LOCAL 635 Case-chapter 2

LOCAL 635 Case-chapter 2 - makes my meal or not The claim...

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LOCAL 635 Case Local 635 represents kitchen workers at hotels in several Midwestern cities. Part of their labor agreement states that workers “shall receive one free meal per shift up to a cost of $8, with any cost over $8 being deducted from wages paid to said employees.” A labor dispute arose at the Riverside Hotel shortly after it was opened in June. Kitchen workers who ate dinner at the late shift found that their wages were reduced by $7 for each meal they consumed at the hotel during their dinner break. Josh Parker, a line cook, stated the widely held belief of the workers, “There’s no way these dinners cost the riverside Hotel $15. This is just another case of management trying to rip us off. Take last night. I had a prime rib dinner. The piece of meat cost about $5 and the salad less than $1. That’s only $6. The cook will be paid for working in the kitchen for 8 hours whether he
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Unformatted text preview: makes my meal or not. The claim my meal costs $15 is baloney!” Management sees the situation differently. In the case of Josh’s dinner, it is agreed that the ingredients cost around $6. But there are labor costs to prepare the meal, and the cost of the oven is $18,000. Also utility costs should be taken into account, not to mention the cost of the bus boy’s salary to clean up after these meals. We sell the prime rib meal for $25 to our customers, so $15 is a bargain for our employees. Required: List examples of the costs to prepare meals at the Riverside Hotel that are fixed, variable and sunk. Provide an example of an opportunity cost the Riverside Hotel might have. What is a possible solution to this conflict?...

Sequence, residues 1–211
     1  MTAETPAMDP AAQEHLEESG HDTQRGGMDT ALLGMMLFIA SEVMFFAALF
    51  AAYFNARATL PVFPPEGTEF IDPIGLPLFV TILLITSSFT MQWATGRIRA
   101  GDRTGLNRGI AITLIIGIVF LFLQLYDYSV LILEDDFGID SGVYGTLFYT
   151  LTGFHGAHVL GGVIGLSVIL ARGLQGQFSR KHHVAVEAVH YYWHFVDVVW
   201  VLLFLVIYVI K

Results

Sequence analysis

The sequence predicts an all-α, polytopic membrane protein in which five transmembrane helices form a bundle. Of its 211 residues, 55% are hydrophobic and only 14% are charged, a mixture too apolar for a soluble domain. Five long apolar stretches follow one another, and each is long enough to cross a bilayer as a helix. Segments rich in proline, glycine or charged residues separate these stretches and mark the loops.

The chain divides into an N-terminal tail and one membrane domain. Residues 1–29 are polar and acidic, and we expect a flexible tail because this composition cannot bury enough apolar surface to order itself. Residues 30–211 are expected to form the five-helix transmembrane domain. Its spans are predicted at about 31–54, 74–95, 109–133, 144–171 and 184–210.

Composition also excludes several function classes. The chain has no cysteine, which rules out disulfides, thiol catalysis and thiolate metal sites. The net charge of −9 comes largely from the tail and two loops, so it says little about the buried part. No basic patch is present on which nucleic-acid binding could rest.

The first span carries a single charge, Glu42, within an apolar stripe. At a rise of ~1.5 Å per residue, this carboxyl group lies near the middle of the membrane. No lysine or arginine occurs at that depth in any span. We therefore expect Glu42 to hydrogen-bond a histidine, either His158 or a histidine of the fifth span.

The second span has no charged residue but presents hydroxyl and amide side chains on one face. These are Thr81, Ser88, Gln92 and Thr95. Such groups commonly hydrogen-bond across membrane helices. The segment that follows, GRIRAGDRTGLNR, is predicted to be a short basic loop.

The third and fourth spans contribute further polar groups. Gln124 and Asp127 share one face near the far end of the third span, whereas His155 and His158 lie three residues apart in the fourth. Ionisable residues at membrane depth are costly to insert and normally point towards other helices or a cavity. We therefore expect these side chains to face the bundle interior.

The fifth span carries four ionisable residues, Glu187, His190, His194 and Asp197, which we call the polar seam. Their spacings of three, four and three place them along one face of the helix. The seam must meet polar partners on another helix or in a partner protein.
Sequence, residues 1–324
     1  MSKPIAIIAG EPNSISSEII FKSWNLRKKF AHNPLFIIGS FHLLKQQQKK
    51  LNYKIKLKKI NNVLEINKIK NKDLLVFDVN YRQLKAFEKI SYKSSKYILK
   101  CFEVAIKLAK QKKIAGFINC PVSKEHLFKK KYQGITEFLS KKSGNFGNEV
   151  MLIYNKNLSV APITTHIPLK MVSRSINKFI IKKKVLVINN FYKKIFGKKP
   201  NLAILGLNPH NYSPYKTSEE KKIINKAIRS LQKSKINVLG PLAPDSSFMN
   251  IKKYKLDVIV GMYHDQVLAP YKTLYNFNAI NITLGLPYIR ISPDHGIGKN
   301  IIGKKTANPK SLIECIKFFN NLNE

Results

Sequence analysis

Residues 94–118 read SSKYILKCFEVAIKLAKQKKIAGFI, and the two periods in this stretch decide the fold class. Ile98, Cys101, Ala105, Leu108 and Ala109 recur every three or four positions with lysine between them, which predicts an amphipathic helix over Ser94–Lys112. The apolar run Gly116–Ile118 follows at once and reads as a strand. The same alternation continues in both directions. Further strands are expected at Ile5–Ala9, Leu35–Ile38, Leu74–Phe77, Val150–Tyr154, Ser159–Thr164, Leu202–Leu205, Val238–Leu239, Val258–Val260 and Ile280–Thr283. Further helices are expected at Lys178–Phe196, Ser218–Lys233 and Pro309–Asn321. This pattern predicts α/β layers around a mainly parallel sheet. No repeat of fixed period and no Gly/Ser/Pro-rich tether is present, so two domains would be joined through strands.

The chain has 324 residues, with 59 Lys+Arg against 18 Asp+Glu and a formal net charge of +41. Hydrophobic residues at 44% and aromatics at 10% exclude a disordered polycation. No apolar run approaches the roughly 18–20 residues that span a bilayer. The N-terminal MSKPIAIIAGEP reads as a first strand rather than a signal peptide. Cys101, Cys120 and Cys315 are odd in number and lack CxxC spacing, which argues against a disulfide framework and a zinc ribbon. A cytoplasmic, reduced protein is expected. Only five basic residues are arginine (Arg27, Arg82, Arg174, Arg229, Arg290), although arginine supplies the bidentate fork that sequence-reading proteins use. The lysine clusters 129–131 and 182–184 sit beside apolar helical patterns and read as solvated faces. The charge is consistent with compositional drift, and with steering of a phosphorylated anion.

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This note was uploaded on 02/13/2010 for the course BUS 214 taught by Professor Violapersia during the Spring '10 term at SUNY Stony Brook.

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